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Regional Interests

How to Survive a Recall: Lessons from an Advisor to Wisconsin Governor Scott Walker

A rising star in his party overcomes intense opposition from across the political aisle to survive a nationally-watched recall election and bolster his resume.

It’s a story arc California Governor Gavin Newsom would welcome as he faces a recall election in the fall — and it’s what happened in Wisconsin nearly a decade ago, when Republican Governor Scott Walker defeated a recall attempt in the Badger State.

Republican consultant Liz Mair was an adviser to Walker during the 2012 campaign, and recently analyzed Newsom’s prospects of keeping his job.

“I do think that he will survive recall,” Mair told KQED’s Political Breakdown. “I just think that he is going to survive it by a much narrower margin than what he wants and what a lot of people are predicting.”

LISTEN TO FULL INTERVIEW HERE:

Fear the Parents

A key similarity between the two recall campaigns, Mair said, is a groundswell of frustration among parents of school kids.

“In both instances you had this undercurrent of fairly deep parental anger at certain sorts of institutions and organizations impacting state government,” she said.

In Wisconsin, Walker pushed through cuts to bargaining rights and benefits for public workers within weeks of taking office in 2011, as a way to reduce the state’s budget deficit.

Democrats and allies in organized labor held massive rallies in response at the state Capitol, and eventually qualified the recall petition.

“We had a lot of parents who had been forced to take sick leave, unpaid time off, all of these kinds of things, because their teachers basically closed the schools, didn’t teach and went to Madison and went to the Capitol to protest and demonstrate against Scott Walker,” Mair said. “I want to say [that] accounted for like minimum 5-10% of Walker’s support.”

“In California, I suspect you’ve got a similar undercurrent, but I think that’s going to be more pointed at Newsom and not working in his favor,” Mair added.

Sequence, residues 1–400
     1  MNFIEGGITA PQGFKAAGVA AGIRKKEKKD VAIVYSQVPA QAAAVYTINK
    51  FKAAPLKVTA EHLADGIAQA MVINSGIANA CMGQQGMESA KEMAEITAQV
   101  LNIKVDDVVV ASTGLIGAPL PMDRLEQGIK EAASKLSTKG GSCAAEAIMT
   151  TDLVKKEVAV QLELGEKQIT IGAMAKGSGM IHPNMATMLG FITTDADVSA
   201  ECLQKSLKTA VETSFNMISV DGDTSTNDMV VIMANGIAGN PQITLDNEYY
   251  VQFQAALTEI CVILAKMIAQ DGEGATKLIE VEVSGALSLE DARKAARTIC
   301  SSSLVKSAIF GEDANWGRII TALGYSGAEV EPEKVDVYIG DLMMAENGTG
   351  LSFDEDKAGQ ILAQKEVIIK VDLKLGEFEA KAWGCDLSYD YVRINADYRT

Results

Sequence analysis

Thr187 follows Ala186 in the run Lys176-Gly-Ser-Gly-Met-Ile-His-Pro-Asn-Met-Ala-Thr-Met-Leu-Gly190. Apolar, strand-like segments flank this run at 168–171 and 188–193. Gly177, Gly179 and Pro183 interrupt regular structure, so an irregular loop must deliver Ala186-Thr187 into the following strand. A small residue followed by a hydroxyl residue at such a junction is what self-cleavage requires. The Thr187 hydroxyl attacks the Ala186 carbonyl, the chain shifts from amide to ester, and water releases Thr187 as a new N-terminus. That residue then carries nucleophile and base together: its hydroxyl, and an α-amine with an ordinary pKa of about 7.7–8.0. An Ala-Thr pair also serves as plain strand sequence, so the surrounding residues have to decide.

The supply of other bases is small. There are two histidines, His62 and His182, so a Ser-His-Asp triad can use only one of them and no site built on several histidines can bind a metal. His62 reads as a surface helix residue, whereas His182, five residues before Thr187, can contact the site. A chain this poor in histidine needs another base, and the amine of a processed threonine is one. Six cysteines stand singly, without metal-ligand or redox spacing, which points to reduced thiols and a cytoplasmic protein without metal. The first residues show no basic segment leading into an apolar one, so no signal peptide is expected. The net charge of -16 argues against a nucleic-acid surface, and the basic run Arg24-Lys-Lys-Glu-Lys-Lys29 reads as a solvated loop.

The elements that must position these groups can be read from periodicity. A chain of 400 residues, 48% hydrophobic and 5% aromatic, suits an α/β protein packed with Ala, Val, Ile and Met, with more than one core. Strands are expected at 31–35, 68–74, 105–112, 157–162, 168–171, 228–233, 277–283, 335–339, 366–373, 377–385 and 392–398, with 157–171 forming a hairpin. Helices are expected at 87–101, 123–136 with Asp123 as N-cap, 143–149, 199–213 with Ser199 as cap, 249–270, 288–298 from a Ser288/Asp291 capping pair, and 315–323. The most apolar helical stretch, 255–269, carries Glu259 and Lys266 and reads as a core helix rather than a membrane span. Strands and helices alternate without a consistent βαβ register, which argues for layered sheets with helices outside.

California has been among the slowest states in the country to fully reopen schools. But polling has been mixed on assigning blame to Newsom: a late-April poll from the Public Policy Institute of California found that 57% of Californians approve of Newsom’s handling of schools, while a survey from the Berkeley Institute of Governmental Studies in May found just 31% of voters think the governor is doing a good or excellent job handing schools.

And there are two factors around schools that could work in Newsom’s favor: His apparent willingness to buck teacher’s unions and end most distance learning options for next year, and the state’s enormous budget surplus, which will benefit schools.

Breaking the Seal

Before 2012, no Wisconsin governor had faced a recall vote. Mair said the Walker campaign benefited from voter hesitance.

“We did actually have people who had not voted for Scott Walker when he was first elected, who then voted in our favor on the recall,” Mair said. “They just felt that it wasn’t right to cut the guy off midterm. That just wasn’t something that was done.”

California, of course, has been through the recall ringer.

“Once you’ve had the experience of doing a recall…you can kind of imagine doing it again — whether it’s ziplining [or] skydiving,” Mair said. “I suspect that this sort of mentality and psychology of voters is going to be a little bit different.”

Expectations Matter

In all likelihood, Mair said, the Newsom recall could be heading toward a similar conclusion to the 2012 challenge to Walker. Both governors entered their recall campaigns with positive approval numbers, despite facing pitched anger from the opposing political party.

“I wouldn’t be terribly surprised if the percentage that Walker won and stayed up by [53%] looks very similar to what Newsom ends up winning and stayed up by,” Mair said.

The difference, argues the veteran GOP consultant, is a matter of expectations. Walker entered the bruising recall fight in a swing state that hadn’t voted for a Republican president in decades, less than two years after he had scraped out a victory to take office.

Newsom cruised into office with 62% of the vote in 2018, in a state where Republicans make up less than a quarter of the electorate.

“Walker’s margin was not huge,” Mair said. “We were perfectly satisfied with it — it was basically what we anticipated the whole way through based on what we were seeing.”

And it was success in the expectations game, Mair said, that launched Walker’s star.  After defeating the recall, Walker won re-election in 2014 and was seen as a leading contender for president in 2016, before his campaign flamed out. Newsom’s potential margin of victory this fall could determine his outlook for re-election in 2022 and beyond.

“If [Newsom] wins decisively on the recall, I do agree that could help him a lot in 2022,” Mair said. “But if he comes out with like 52% of the vote or something, that could be a real drag going into 2022,” Mair said.

“So I just think, you know, the psychology of the campaign teams is also going to be a little bit different,” she added. “And ultimately that does have an effect on how candidates perform.”

Copyright 2021 KQED